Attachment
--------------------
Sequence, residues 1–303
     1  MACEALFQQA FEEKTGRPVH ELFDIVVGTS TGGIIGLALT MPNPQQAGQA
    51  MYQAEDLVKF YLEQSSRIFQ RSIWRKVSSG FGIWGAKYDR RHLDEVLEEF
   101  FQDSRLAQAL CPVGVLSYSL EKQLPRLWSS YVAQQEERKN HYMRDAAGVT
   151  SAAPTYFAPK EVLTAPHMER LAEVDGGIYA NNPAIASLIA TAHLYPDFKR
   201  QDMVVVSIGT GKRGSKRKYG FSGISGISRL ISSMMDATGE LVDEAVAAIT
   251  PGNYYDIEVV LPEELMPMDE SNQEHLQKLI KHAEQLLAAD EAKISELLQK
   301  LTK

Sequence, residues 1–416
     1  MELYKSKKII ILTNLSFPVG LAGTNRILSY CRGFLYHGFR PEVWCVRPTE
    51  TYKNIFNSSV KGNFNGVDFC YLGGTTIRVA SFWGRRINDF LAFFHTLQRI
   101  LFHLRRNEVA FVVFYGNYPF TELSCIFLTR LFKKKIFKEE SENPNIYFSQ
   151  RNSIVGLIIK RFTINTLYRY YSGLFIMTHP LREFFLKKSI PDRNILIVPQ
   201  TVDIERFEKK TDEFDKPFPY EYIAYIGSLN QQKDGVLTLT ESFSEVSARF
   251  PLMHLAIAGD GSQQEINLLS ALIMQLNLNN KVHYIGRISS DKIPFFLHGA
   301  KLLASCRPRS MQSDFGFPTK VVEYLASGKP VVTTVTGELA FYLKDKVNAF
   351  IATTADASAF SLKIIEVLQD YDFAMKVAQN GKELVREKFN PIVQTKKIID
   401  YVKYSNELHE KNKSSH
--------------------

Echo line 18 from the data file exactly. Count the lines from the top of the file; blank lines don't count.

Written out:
   401  YVKYSNELHE KNKSSH